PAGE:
Isn’t it that Cocomo symbolizes the economy of Pakistan? The Cocomo is a chocolate-filled biscuit brand, mostly consumed by school and college-going youth. It is made by a company owned by the incumbent finance minister Mr. Miftah Ismael. He also owns the largest toffee-making concern, Candyland, in Pakistan. Mr. Ishmael is known to us as the Bisco-toffee man of the country, in addition to his stint as a politician with PMLN.
Why Cocomo, the favorite snack and heartthrob of millions, is in danger? A proverbial story goes like this: In the early 2000s, it used to come in a ticky pack of PKR.5 that contained 10 Cocomos in it. Owing to high prices of inputs during the 2010s, the Cocomos in same the ticky pack was reduced to 5.
Today, the same ticky-pack contains only 3 to 4 Cocomos
Recently, Miftah said that inflation is to be blamed for stealing Cocomos from the ticky pack. He was adamant that a time is about to come when one ticky pack of PKR.5 will contain only one Cocomo, or still worse down the road, a half or quarter of it.
The moral of the above story is: now we should be content with lesser and lesser for the same or more amount of money. Mr. Miftah Ishmael is applying has credentials and experience in running the Cocomo business to run the economy of the country. As finance minister, recently he has given in to all the IMF demands, abruptly and with no hesitation, ranging from imposing additional taxes on existing taxpayers, and withdrawing of subsidies in various sectors to the exorbitant hike in fuel prices and petroleum levy.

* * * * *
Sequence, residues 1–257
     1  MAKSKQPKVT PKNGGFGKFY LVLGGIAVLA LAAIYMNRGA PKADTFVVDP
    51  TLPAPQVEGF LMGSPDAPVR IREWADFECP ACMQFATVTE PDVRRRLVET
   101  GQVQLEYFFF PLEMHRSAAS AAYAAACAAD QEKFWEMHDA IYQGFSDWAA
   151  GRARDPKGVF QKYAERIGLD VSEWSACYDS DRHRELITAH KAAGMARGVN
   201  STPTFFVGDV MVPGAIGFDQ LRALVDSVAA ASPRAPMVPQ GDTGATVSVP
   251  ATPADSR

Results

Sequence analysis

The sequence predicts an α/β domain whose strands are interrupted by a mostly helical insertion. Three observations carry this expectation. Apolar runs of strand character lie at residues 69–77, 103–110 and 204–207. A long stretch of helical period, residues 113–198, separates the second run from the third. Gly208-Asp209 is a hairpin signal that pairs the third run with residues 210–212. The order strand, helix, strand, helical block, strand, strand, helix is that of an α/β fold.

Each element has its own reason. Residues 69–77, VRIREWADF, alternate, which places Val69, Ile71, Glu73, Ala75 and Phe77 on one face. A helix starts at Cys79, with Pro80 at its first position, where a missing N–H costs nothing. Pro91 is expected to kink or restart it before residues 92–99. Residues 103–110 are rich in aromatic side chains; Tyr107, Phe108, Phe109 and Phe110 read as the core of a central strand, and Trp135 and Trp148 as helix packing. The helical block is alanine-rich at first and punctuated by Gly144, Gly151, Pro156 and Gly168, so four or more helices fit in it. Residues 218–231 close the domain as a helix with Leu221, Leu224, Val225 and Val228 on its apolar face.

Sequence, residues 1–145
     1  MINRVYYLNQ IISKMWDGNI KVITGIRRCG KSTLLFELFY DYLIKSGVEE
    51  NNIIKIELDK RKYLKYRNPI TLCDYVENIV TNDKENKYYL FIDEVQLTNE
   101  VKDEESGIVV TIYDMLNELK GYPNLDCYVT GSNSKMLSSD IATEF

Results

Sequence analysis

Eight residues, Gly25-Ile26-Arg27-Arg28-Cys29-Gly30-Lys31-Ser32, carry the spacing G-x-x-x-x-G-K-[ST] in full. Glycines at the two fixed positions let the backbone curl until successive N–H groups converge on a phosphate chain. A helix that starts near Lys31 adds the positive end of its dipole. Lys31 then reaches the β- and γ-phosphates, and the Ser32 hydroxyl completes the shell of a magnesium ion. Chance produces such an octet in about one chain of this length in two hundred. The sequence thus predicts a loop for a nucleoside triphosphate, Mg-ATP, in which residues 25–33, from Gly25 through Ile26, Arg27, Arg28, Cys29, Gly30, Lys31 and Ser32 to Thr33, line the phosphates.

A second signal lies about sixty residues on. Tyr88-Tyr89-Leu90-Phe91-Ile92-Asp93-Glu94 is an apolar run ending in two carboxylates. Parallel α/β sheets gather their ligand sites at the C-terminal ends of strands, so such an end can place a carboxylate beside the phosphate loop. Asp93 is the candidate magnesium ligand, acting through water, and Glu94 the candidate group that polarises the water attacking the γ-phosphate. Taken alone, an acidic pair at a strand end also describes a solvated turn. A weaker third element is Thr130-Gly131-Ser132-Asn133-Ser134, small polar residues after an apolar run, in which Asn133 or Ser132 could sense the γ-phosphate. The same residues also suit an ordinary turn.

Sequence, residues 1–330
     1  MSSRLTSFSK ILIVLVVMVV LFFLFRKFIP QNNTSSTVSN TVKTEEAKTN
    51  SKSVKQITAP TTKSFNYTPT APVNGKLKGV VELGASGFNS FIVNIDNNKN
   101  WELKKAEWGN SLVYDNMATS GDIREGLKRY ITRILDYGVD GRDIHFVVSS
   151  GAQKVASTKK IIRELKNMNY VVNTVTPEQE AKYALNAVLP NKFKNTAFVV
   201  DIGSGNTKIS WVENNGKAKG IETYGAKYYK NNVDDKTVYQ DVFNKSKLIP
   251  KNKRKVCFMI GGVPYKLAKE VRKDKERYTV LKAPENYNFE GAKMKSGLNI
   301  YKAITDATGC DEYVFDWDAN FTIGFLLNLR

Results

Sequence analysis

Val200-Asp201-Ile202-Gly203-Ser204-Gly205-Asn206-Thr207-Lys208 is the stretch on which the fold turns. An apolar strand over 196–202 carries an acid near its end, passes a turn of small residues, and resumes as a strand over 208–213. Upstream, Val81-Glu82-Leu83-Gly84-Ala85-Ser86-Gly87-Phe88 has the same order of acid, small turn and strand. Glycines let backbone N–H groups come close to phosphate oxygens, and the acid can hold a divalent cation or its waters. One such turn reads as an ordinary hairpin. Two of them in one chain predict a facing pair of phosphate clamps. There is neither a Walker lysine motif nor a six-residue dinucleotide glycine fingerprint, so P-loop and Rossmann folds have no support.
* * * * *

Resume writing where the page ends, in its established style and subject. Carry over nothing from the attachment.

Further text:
This has been an unavoidable strategy to avert the danger of default and bankruptcy in the short term, creating potentially daunting consequences in the longer run. IMF money is needed at all costs no matter the consequences. The economy is indeed in serious trouble the way Cocomo has become lean and feeble over time. This has severe economic and political consequences for the people, political parties and all the white elephants in the country.
Read more: Miftah Ismail lands in hot waters
We cannot afford to let the Cocomo fall apart. We got to save it. Using all locally produced ingredients including chocolate is the essential first step towards saving its legacy. We produce no chocolate, so using gurr or sugarcane mast instead can be useful. Relying on our own resources and improving their quality using various ways of value addition can be a good starter. One final suggestion to Miftah: Save Cocomo and save the country’s economy, not brutally but prudently!
Written by Ashab Baig
The writer is a development consultant based in Islamabad. He can be reached at: email@example.com. The views expressed in the article are the author’s own and do not necessarily reflect the editorial policy of Global Village Space.